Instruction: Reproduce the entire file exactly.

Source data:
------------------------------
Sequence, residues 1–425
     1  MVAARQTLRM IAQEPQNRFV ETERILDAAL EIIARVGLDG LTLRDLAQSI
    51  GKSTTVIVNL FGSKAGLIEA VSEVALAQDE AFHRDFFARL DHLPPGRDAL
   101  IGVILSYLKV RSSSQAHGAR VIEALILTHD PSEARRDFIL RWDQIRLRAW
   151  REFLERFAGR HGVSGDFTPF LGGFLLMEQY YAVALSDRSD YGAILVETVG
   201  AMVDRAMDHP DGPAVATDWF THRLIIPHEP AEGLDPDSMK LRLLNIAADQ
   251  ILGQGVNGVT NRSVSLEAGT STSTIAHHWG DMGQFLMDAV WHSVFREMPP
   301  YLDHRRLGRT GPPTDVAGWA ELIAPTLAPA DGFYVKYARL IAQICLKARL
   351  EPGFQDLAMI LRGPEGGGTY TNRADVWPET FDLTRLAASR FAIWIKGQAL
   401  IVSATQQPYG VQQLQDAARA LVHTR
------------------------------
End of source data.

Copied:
Sequence, residues 1–425
     1  MVAARQTLRM IAQEPQNRFV ETERILDAAL EIIARVGLDG LTLRDLAQSI
    51  GKSTTVIVNL FGSKAGLIEA VSEVALAQDE AFHRDFFARL DHLPPGRDAL
   101  IGVILSYLKV RSSSQAHGAR VIEALILTHD PSEARRDFIL RWDQIRLRAW
   151  REFLERFAGR HGVSGDFTPF LGGFLLMEQY YAVALSDRSD YGAILVETVG
   201  AMVDRAMDHP DGPAVATDWF THRLIIPHEP AEGLDPDSMK LRLLNIAADQ
   251  ILGQGVNGVT NRSVSLEAGT STSTIAHHWG DMGQFLMDAV WHSVFREMPP
   301  YLDHRRLGRT GPPTDVAGWA ELIAPTLAPA DGFYVKYARL IAQICLKARL
   351  EPGFQDLAMI LRGPEGGGTY TNRADVWPET FDLTRLAASR FAIWIKGQAL
   401  IVSATQQPYG VQQLQDAARA LVHTR